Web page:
Under current law, it is nearly impossible to discharge student loans in bankruptcy. As commentators have noted, current law requires that the debtor demonstrate that the debt presents an "undue hardship." In a landmark bankruptcy case, In re Brunner, the Court suggested that a debtor could only demonstrate undue hardship by proving that:
- Based upon the debtor's current income and expenses, he or she is unable to maintain a minimal standard of living if required to repay the loans.
- The debtor's current financial situation is likely to continue for a substantial part of the repayment period.
- The debtor has made a good faith effort to repay his or her student loans.
As a practical matter, this requires that a debtor (who is presumably destitute) to file a lawsuit known as an "adversary proceeding" in bankruptcy court, hire expert witnesses, and pay for all of the attorneys' fees and costs incurred in the litigation.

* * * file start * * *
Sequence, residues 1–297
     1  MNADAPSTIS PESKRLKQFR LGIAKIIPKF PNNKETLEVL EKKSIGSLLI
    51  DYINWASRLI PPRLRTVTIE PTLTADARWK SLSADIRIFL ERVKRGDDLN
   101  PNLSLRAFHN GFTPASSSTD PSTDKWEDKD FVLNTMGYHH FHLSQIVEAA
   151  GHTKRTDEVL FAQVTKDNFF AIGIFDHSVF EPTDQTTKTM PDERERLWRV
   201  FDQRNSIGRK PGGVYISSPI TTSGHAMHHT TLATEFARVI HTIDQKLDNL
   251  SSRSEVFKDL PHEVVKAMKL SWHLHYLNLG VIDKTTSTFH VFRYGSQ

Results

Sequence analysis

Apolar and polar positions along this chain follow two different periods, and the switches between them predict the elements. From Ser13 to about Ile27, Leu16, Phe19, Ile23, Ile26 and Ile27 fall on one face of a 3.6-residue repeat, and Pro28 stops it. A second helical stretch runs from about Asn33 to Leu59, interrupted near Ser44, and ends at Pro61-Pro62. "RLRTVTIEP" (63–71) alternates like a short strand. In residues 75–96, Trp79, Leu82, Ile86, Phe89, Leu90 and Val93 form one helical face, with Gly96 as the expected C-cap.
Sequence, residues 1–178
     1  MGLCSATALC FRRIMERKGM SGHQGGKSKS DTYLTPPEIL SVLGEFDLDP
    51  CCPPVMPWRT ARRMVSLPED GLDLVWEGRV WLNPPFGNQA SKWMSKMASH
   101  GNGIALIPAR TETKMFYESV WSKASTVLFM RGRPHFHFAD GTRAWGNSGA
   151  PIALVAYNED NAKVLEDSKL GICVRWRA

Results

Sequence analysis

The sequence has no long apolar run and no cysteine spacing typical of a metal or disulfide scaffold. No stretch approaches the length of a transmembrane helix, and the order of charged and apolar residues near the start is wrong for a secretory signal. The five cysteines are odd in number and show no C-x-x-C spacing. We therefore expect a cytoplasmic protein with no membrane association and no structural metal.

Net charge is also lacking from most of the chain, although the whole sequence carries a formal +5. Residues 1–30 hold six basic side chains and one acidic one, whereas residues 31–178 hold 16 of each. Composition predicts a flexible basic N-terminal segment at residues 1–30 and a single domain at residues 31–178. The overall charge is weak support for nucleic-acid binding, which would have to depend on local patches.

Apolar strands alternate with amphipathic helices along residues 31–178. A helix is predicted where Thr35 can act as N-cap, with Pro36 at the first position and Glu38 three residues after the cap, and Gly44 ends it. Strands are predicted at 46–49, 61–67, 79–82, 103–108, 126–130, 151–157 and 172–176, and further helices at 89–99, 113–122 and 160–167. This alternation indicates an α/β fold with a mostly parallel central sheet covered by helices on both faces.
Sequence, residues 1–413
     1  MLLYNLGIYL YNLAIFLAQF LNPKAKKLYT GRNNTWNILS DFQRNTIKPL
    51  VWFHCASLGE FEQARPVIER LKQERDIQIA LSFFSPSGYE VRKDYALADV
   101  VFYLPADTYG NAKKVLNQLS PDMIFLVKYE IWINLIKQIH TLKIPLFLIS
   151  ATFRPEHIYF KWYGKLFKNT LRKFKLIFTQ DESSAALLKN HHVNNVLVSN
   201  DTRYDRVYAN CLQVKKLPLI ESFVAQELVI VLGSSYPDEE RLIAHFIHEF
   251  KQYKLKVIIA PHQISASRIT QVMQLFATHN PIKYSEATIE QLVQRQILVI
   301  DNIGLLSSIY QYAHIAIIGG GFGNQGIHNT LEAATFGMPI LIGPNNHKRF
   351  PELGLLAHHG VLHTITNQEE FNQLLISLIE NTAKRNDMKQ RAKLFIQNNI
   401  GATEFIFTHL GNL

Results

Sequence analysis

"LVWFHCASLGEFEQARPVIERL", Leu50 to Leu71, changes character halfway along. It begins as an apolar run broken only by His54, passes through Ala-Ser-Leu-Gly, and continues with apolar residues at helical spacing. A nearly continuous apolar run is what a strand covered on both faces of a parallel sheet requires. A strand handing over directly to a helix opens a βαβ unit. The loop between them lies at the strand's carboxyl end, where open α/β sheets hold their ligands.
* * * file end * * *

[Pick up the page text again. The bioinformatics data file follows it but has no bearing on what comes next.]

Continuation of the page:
Making matters worse, Congress has eliminated the statute of limitations on collection of student loans--including private student loans! As a result, borrowers who make the mistake of incurring excessive student loan debt at a young age can be saddled with these debts for life.
In short, the current system is broken.
A recent new article suggests that Congress may change the law to make federal student loans dischargeable in bankruptcy after ten years in repayment. Doing so would provide substantial relief to borrowers who, under the current system, are stuck in debt purgatory with no ability to get relief. Let's all hope that Congress does the right thing!